CTLA-4 Ligation Blocks CD28-dependent T Cell Activation.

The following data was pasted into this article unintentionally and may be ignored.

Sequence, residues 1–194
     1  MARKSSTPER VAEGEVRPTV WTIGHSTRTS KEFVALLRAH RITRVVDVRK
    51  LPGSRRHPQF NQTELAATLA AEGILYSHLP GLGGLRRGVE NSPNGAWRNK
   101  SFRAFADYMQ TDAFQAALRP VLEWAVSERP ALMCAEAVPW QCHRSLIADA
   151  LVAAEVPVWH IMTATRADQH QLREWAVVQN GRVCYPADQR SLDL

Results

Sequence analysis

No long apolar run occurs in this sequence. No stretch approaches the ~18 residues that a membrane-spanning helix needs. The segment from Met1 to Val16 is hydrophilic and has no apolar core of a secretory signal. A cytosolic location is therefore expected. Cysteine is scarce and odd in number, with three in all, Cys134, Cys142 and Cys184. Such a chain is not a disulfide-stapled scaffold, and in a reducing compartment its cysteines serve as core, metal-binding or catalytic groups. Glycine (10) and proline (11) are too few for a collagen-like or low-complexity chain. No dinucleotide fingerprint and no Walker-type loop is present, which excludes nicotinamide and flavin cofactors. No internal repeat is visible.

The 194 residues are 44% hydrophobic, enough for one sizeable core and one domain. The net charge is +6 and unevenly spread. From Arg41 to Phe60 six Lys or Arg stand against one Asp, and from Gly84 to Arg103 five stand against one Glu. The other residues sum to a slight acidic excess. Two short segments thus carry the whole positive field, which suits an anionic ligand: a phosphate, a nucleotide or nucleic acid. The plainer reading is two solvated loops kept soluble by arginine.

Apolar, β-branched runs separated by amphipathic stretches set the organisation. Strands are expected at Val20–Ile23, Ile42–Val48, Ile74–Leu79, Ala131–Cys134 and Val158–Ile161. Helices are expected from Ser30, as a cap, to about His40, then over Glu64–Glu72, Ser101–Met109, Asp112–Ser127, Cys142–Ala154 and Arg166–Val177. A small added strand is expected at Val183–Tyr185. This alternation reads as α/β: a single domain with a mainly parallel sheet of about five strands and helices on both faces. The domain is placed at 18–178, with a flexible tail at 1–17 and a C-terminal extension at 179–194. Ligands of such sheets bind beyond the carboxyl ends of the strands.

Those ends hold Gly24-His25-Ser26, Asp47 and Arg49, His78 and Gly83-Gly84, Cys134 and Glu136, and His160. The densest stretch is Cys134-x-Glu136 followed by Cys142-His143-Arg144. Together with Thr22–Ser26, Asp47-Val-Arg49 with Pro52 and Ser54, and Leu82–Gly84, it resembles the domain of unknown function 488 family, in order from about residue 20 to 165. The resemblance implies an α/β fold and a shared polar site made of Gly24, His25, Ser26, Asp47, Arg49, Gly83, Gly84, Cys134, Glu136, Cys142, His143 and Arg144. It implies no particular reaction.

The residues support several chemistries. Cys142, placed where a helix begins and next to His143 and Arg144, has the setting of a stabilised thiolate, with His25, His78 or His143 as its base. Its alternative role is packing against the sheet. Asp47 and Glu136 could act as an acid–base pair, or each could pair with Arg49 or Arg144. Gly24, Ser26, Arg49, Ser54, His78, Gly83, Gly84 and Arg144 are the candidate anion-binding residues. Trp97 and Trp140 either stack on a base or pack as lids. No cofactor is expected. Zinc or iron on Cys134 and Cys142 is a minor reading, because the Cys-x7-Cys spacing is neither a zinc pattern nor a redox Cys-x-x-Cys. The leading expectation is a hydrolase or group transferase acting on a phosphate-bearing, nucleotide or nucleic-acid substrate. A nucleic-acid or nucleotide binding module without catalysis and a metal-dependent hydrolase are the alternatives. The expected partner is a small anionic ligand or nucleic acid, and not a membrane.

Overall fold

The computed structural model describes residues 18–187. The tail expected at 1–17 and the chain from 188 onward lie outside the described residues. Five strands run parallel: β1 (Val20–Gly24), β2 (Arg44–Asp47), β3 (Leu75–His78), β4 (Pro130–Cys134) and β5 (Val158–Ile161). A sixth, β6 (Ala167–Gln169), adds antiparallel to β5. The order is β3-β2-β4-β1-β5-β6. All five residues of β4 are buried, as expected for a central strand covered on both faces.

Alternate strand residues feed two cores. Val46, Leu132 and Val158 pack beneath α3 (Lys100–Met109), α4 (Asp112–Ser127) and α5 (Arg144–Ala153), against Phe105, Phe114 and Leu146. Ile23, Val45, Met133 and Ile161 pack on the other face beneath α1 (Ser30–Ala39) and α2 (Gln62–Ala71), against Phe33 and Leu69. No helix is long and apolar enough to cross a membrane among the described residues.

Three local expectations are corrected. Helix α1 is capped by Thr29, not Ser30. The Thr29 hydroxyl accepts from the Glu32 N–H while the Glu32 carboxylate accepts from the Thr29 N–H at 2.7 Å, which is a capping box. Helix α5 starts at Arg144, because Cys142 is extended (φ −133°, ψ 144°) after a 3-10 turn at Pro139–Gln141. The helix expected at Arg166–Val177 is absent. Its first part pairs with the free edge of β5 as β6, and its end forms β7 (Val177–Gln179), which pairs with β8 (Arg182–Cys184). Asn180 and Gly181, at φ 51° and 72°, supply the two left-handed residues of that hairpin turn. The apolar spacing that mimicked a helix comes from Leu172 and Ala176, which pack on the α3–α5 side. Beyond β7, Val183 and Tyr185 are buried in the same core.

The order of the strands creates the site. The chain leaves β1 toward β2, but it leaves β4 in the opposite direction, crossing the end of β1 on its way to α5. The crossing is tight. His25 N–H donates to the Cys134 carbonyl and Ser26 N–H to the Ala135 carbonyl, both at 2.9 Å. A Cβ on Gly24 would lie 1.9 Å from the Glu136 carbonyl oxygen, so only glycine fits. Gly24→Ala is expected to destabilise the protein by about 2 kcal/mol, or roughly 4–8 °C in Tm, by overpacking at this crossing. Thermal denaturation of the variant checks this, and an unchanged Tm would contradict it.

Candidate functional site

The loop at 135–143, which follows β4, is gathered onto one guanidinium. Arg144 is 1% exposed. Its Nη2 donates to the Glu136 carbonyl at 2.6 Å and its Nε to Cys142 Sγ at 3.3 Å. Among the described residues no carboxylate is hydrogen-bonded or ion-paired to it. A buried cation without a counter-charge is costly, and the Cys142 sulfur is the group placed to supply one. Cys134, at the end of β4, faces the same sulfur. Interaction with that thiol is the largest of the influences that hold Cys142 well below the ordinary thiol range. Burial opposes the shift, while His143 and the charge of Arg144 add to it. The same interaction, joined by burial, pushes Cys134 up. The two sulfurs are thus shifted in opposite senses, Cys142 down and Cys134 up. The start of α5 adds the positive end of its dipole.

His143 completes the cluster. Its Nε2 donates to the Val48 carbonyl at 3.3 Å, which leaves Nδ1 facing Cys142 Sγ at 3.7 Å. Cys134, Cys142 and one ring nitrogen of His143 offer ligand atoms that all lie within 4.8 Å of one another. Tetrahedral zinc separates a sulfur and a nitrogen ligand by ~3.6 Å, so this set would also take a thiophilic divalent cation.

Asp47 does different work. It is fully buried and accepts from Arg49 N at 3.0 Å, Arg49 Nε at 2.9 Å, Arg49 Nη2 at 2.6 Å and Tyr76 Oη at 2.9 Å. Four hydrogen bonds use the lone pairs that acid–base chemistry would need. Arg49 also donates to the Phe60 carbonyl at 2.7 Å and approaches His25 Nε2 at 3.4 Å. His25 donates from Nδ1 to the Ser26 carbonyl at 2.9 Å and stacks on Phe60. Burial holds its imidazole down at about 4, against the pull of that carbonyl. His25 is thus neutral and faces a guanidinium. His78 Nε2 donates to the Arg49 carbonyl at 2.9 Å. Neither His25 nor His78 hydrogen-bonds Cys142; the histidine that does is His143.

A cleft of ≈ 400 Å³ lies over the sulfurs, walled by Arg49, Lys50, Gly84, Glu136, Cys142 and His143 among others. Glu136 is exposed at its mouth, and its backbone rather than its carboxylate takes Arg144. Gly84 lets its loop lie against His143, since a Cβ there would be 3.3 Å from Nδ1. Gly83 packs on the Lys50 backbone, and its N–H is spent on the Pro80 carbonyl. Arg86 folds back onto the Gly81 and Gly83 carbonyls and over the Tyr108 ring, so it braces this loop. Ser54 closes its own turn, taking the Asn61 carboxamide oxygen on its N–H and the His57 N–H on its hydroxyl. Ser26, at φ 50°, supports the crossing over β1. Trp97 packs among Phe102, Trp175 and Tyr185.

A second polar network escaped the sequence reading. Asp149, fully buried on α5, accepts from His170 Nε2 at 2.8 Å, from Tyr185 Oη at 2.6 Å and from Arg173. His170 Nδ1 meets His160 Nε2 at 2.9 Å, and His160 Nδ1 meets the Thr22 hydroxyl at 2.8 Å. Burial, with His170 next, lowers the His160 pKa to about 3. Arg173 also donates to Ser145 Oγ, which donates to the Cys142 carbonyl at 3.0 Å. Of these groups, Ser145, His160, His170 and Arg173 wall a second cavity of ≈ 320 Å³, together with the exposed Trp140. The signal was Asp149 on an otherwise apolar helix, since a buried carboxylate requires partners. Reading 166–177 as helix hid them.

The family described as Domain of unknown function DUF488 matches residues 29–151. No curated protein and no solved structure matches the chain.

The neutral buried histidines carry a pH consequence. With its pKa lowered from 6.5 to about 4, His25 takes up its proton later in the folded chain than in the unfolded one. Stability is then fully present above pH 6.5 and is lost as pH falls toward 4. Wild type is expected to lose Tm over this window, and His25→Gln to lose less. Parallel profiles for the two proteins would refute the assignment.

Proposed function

CTLA-4 is a CD28 homologue believed to be a negative regulator of T cell function. However, the mechanism of this downregulatory activity is not well understood. The present study was designed to examine the effect of CTLA-4 ligation on cytokine production, cell survival, and cell cycle progression. The results demonstrate that the primary effect of CTLA-4 ligation is not the induction of apoptosis. Instead, CTLA-4 signaling blocks IL-2 production, IL-2 receptor expression, and cell cycle progression of activated T cells. Moreover, the effect of CTLA-4 signaling was manifested after initial T cell activation. Inhibition of IL-2 receptor expression and cell cycle progression was more pronounced at late (72 h) time points after initial activation. The effects of anti-CTLA-4 mAbs were most apparent in the presence of optimal CD28-mediated costimulation consistent with the finding that CTLA-4 upregulation was CD28-dependent. Finally, the addition of exogenous IL-2 to the cultures restored IL-2 receptor expression and T cell proliferation. These results suggest that CTLA-4 signaling does not regulate cell survival or responsiveness to IL-2, but does inhibit CD28-dependent IL-2 production.